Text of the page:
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Biofuels from Algae 

Graduate Fellow Christine Shulse & Teacher Partner Danika Garcia

High school students explore how single celled organisms can help alleviate global warming and ameliorate the energy crisis through investigating algal biofuels. Students become biofuels scientists with the end goal of determining what conditions are optimal for algal lipid production. Algae can use sunlight and carbon dioxide to produce lipids, which are easily transesterified to produce biodiesel. In this activity students will extract lipids from algae and visualize them using thin layer chromatography. This activity is used to help explain the carbon cycle and macromolecules, as cells incorporate inorganic or organic carbon into cell structures, and can be condensed into two days or expanded to five, depending on the needs of the classroom. If a two-day version is desired, students simply extract lipids and visualize them, eliminating introductory activities on the carbon cycle and chromatography. A discussion of the need for alternative energy sources arising from this activity will also introduce students to the impact humans have on the environment. As a final assessment, students write a position paper arguing for or against an investment in algal biofuels technologies by the United States government.

Grade Levels: 9-12

Learning Objectives:

  • Students will be able to explain the carbon cycle and how carbon flows between at least three reservoirs (atmosphere, land biomass, and fossil fuels).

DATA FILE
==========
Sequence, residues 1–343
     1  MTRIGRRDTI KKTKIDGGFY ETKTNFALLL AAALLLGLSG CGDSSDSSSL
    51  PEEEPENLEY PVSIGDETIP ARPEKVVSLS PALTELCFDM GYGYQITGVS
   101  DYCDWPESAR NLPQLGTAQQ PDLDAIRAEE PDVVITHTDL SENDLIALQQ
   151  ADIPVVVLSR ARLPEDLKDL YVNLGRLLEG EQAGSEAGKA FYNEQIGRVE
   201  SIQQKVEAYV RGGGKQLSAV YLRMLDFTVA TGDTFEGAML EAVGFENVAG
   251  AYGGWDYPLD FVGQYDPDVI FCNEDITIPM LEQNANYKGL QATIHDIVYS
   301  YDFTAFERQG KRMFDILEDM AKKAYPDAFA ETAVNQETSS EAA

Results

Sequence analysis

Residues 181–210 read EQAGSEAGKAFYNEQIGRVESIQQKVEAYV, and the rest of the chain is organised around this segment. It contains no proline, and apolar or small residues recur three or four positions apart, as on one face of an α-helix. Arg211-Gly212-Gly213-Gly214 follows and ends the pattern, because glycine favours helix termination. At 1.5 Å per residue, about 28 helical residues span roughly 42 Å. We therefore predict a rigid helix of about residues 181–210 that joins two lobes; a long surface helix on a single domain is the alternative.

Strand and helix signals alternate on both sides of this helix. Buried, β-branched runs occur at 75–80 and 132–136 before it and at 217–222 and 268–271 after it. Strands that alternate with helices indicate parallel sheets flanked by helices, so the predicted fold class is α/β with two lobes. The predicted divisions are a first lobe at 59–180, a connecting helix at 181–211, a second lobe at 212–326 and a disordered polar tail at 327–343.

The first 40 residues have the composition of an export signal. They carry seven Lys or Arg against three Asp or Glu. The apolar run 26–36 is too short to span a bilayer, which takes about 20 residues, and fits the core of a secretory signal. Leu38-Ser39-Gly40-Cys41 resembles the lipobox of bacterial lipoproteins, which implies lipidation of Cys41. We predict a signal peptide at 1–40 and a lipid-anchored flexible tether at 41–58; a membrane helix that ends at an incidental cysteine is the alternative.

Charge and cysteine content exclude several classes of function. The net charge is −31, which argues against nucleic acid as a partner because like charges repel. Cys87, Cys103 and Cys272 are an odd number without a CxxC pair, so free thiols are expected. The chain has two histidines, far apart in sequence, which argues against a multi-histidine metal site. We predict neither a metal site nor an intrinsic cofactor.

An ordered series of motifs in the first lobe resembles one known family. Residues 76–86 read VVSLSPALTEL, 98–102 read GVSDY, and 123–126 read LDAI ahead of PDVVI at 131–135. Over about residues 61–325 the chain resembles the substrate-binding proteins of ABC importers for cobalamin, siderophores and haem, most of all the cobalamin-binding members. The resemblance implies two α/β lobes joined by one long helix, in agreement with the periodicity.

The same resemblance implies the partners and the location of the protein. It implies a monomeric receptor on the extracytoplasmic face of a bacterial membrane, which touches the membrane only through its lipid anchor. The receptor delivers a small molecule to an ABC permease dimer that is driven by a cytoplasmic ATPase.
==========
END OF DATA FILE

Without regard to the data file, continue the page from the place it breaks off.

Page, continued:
• Students will understand that glycerol and fatty acids are the building blocks of lipids.
  • Students will be able to articulate the advantages and disadvantages of using algal biofuels as opposed to second-generation biofuels or fossil fuels.
  • Students can analyze the effects of human activity on climate change.

Student worksheet (word doc - pdf)

Teacher worksheet (word doc - pdf)

Jellyfish Trees

High school students will determine the evolutionary relatedness of jellyfish through DNA sequences. Increasingly, scientists are relying upon molecular sequence data to classify organisms rather than morphological characteristics, which may be misleading (i.e. cryptic species). In this activity students build a cladogram and use it to determine the closest relative of a jellyfish. As a final assessment students will build a cladogram showing the evolutionary relatedness of a group of animals of their choice. Alternatively, students may write a one-page essay reflecting on the relevance of the material covered in this activity to their own lives.

Grade Level: 9-12

Learning Objectives:

  • Students will be able to interpret evolutionary relatedness from a cladogram as well as explain the drawbacks to this method.
  • Students will understand that DNA can provide evidence for evolution. 

Student worksheet (word doc - pdf)

Teacher worksheet (word doc - pdf)